On college campuses these days, the top nerds are getting a taste of what it's like to be star jocks.
For Maxwell Hawkins, a computer science and art major at Carnegie Mellon University, the moment came in March. A technology recruiting firm sent him a letter by FedEx urging him to drop out of his junior year and take his talents to work for a start-up.
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"I work for the founder and seed investor in PayPal, Palantir and Facebook," wrote Peterson Conway, a recruiter with Carmel, Calif., firm Goodwyn/Powell. "I have been asked to help identify the founding team of a new venture."
The technology boom has created an acute shortage of engineers and software developers. The industry has responded by taking a page from the playbook of professional sports: identify up and comers early, then roll out the red carpet to lock them up.
With the social media frenzy in full swing, promising students are now wrestling with decisions about whether to stay in school or turn pro. Meanwhile, those who stay on campus are enjoying a bonanza of free food and other goodies as companies rush to win their hearts and minds.
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"It is pretty good for my ego, frankly," said Mr. Hawkins, who decided to stay in school and take an internship offer from YouTube this summer.
Starting salaries at leading companies for average computer science grads from top schools range from $75,000 to $100,000, plus signing and relocation bonuses worth $5,000 to $15,000, according to venture capitalists and recruiters. New hires may also get small equity grants, with stars getting additional cash bonuses or larger grants worth as much as 1% of the company.
Facebook's (FB) disappointing public offering demonstrated that the start-up tech market may not be quite as lucrative as everyone believed. But many students say they think the risks are still worth taking, given the huge potential upside.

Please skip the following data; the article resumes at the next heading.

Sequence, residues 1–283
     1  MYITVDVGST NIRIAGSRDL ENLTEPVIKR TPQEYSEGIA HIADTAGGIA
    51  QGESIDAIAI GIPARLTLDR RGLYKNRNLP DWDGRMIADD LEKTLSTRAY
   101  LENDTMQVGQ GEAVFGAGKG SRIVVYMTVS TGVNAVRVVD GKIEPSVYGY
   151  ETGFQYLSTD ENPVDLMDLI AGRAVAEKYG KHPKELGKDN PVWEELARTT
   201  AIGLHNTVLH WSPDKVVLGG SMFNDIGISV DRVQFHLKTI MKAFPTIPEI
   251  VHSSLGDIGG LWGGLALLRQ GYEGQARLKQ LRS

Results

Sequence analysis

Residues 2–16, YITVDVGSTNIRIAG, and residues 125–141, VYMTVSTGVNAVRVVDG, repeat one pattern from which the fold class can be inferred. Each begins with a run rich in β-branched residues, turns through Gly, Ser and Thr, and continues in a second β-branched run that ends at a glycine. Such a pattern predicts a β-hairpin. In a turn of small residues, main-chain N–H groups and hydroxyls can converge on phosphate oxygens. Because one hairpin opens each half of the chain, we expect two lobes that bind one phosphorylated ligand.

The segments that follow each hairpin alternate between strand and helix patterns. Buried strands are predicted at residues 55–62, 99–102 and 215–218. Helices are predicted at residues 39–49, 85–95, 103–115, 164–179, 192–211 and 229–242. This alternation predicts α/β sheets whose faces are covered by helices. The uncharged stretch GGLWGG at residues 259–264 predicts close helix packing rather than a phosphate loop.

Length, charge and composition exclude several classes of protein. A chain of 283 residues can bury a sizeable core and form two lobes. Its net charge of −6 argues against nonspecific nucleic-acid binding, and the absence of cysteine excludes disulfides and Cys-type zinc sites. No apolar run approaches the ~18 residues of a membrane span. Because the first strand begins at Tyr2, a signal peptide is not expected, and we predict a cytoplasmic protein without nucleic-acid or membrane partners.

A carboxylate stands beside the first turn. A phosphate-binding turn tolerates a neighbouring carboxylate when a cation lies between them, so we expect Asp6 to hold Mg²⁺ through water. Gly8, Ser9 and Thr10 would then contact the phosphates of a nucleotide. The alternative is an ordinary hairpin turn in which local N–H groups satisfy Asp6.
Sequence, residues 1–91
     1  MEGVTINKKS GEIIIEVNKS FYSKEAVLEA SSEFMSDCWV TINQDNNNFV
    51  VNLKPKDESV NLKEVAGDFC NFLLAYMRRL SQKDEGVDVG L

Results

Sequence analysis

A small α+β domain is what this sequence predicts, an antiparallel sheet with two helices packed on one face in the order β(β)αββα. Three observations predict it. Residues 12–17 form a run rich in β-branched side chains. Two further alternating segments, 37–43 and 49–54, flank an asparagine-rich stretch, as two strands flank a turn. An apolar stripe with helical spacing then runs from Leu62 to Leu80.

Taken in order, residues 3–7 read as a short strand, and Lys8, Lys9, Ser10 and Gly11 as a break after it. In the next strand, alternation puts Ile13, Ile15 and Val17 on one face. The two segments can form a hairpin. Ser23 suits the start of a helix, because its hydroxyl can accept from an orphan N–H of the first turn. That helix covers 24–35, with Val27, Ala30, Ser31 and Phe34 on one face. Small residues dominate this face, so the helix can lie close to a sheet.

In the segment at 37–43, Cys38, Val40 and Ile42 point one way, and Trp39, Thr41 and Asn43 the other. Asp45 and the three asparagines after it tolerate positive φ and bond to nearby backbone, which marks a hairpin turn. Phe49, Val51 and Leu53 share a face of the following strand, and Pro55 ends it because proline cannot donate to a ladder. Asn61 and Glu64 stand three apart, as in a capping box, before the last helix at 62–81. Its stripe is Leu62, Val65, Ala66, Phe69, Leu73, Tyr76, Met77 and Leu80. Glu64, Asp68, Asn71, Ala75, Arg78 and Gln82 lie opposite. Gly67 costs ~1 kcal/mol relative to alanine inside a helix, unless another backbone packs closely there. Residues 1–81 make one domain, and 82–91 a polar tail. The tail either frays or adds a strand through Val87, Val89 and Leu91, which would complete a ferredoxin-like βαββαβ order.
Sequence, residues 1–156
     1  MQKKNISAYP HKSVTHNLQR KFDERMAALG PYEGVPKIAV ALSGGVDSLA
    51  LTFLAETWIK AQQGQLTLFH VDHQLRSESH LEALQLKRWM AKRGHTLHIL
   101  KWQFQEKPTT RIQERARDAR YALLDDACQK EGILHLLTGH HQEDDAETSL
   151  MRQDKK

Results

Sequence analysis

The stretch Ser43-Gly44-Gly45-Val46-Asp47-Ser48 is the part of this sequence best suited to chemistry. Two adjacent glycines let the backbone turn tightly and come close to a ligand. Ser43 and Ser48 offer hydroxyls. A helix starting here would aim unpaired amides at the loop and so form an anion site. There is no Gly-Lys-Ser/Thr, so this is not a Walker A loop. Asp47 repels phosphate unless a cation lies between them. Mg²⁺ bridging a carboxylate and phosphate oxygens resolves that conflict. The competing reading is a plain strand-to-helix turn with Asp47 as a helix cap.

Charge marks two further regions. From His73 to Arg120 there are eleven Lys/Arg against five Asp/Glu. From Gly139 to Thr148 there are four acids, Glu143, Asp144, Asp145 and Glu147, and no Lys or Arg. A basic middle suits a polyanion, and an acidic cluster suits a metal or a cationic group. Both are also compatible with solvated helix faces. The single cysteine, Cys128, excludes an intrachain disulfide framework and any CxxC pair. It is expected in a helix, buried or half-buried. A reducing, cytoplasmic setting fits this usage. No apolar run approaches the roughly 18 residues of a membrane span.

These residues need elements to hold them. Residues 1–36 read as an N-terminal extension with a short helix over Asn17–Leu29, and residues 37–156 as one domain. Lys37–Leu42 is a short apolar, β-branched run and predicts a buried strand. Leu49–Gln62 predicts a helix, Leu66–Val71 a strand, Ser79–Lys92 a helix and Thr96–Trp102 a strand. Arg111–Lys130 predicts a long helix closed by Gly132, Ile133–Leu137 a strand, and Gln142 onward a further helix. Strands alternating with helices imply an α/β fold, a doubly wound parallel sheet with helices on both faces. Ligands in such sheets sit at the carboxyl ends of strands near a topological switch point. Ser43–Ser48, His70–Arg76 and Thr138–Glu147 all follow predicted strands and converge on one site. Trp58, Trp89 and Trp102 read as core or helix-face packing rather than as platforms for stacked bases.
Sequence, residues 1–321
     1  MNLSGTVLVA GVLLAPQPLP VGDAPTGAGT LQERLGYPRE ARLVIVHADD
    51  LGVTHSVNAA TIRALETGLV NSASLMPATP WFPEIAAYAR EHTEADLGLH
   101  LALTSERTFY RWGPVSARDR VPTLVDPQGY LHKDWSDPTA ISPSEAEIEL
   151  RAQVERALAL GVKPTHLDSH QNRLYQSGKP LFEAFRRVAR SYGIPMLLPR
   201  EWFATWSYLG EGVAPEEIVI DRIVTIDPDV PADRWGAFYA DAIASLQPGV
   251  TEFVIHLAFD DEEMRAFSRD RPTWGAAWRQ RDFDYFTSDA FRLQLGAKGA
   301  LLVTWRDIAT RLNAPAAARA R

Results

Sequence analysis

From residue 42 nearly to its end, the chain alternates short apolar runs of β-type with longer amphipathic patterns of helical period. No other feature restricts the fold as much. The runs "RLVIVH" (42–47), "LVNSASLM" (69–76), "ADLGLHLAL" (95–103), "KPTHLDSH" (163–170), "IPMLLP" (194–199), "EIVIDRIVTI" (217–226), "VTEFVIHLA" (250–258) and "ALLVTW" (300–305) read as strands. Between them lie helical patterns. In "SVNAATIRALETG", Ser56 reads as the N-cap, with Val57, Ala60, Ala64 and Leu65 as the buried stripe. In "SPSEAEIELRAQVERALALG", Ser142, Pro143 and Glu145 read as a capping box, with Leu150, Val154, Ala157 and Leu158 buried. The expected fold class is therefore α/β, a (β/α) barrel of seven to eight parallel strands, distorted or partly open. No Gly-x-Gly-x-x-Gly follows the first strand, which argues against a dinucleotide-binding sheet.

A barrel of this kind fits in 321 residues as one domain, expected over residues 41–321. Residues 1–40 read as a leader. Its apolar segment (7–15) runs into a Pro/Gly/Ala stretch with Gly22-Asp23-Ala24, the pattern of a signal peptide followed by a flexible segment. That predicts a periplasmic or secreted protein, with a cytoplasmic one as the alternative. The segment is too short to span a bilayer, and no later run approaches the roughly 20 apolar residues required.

Stephen Poletto, a senior computer science major at Brown University, said that in the middle of his junior year, he started fielding calls from headhunters, company recruiters and Brown alumni who work in the industry.
Companies, he said, routinely wine and dine students at posh restaurants to discuss internships and jobs, plying them with free limo rides to bars, $500 cash giveaways and raffles for iPads. So many companies give away free food when they hold technology talks at Brown that sponsors had to move the food inside the computer science auditorium to keep non-engineering students from grazing.
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"That did not deter people," said Mr. Poletto, who accepted a job offer with online storage start-up Dropbox.
Google Inc. (GOOG) is particularly active on campus. Brian Yee, a master's student at Carnegie Mellon's School of Computer Science, is one of the search giant's 400 "student ambassadors" at top universities around the world who get paid to assist with recruiting and spreading the word about Google products. In February, Mr. Yee rounded up 100 students to eat free pizza and hear a Google developer give a "Tech Talk" about YouTube.
"For the Tech Talk they sent 100 pairs of Android pajamas," he said. "Those went really quickly." Starting this fall, Google will more than double the ambassador program to over 1,000 students world-wide.